Funny how that works, isn’t it?
The state of Michigan’s tax revenues were up in November, beating estimates, according to the Senate Fiscal Agency (pdf). The increase in revenues was driven, in part, by higher taxes on Michiganders. As I wrote in my piece last spring, “The tax timebomb that explodes in Michigan in 2012 is MUCH worse than you thought”, the tax increase passed by the so-called “anti-tax” Republicans disproportionately impacts lower income residents.
What is shocking is how easy the budget goes on upper income Michiganders and how astonishingly HARD it hits lower income residents. Take a look at the average tax increase broken down by income group:
In fact, when you look at the total state and local taxes as a percentage of income of those making $334,000 or more per year vs. those making $17,000 year or less, the poorest people pay 1000 times more than those at the top of the food chain. The poorest Michiganders pay 1.0% of their income vs. 0.001% for the top earners
So, how is this working out for Michigan’s struggling cities?
Not so well, as it turns out.
Michigan has lost roughly 1 in 5 law enforcement officers since 2001, as a lingering recession led cash-strapped cities and townships to lay off police, trim services and, in some cases, turn over patrols to county sheriffs.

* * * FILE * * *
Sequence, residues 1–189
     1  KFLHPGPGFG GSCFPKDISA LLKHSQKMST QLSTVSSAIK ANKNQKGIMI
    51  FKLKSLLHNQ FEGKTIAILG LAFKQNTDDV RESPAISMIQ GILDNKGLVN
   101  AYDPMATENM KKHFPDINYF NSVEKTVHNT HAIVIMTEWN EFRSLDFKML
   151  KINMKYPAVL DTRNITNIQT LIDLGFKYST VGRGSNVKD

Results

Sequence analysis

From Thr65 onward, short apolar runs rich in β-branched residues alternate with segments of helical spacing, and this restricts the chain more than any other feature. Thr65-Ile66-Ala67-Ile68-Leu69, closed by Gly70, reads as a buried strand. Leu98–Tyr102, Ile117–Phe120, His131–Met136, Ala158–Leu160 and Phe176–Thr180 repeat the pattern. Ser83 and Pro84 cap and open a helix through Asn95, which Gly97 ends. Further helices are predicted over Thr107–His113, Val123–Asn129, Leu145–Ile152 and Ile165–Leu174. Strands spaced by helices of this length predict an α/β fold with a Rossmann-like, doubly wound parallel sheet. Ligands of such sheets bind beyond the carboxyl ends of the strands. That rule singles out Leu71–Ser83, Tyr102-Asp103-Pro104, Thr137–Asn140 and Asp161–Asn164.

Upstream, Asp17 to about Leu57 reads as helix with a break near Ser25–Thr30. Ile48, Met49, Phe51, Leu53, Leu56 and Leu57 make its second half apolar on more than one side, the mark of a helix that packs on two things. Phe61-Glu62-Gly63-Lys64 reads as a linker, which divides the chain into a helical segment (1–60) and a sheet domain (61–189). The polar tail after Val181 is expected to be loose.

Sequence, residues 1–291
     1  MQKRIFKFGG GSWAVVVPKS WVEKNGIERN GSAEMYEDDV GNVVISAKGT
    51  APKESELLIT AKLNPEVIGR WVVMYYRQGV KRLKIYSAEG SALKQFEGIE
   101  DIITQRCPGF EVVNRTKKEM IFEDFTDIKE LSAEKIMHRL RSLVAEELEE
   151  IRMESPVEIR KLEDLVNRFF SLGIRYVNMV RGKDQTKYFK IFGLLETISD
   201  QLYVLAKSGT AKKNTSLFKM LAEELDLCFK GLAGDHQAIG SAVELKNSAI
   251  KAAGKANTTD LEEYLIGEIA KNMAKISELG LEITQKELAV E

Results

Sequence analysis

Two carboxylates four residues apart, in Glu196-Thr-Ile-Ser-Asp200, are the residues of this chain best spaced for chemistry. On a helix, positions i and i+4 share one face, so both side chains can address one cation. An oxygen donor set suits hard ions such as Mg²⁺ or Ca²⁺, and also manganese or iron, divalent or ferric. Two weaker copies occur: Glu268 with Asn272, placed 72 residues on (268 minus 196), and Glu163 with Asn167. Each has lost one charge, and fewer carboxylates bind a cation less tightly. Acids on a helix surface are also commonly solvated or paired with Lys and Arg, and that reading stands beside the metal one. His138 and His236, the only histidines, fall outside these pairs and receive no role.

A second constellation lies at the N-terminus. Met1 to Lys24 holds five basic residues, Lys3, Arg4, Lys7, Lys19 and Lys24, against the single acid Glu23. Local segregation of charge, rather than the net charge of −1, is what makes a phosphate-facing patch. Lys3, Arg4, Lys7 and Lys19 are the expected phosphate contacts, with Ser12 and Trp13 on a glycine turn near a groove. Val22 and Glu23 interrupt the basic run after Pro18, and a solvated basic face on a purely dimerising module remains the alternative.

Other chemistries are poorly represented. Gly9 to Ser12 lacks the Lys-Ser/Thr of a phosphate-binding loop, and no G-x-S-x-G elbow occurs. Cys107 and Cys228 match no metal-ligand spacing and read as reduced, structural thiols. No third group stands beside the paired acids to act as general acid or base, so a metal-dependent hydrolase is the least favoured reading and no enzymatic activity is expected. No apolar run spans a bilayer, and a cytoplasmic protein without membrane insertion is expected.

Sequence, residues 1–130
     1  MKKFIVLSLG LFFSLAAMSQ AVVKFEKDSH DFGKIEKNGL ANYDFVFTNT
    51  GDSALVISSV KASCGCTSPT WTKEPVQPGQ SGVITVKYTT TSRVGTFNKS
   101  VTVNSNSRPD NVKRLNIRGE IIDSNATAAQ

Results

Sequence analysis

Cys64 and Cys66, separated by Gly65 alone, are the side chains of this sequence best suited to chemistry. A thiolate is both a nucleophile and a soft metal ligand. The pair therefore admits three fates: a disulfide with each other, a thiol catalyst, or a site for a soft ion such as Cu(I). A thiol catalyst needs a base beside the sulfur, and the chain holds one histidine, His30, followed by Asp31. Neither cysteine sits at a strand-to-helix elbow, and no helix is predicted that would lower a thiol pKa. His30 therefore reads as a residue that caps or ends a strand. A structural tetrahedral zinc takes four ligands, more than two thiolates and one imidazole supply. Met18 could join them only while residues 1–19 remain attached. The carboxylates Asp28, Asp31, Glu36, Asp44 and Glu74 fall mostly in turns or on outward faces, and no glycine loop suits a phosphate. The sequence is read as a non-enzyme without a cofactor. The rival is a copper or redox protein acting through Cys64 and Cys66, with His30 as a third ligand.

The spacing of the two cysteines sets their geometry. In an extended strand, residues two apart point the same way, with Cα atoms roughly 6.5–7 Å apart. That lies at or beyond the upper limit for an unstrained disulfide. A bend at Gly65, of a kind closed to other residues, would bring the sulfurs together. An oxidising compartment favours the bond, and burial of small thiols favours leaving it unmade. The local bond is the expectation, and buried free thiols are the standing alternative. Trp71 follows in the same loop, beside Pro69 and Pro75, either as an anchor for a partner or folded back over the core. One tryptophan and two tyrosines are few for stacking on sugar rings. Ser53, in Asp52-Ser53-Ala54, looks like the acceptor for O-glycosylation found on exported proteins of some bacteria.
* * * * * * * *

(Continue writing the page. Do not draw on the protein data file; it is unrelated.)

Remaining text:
“Since 2001 it’s been a steady decline with cutbacks, layoffs or attrition,” said Fred Timpner, executive director of the Michigan Association of Police, which represents law enforcement officers. “Even the largest suburbs have laid off officers.”
The state’s law enforcement ranks dropped to 18,834 as of Oct. 31 from 22,488 in 2001, says the Michigan Commission on Law Enforcement Standards.
Even as the state’s economic outlook brightens, the cuts are still coming, stirring controversy among residents who fear that shrinking or shutting the local police force means giving criminals free reign.
As our cities struggle under shrinking revenues, many are shifting responsibility for policing to county sheriff departments. It’s only a matter of time before the trickle up effect kicks in and these counties begin to see their budgets strangled.
Perhaps this is a big part of the reason that, despite all of the rhetoric coming from Governor Snyder and Michigan Republicans, Michigan is still ranked only 47th in the country as a good place to do business.
But, hey, they can always blame it on the unions.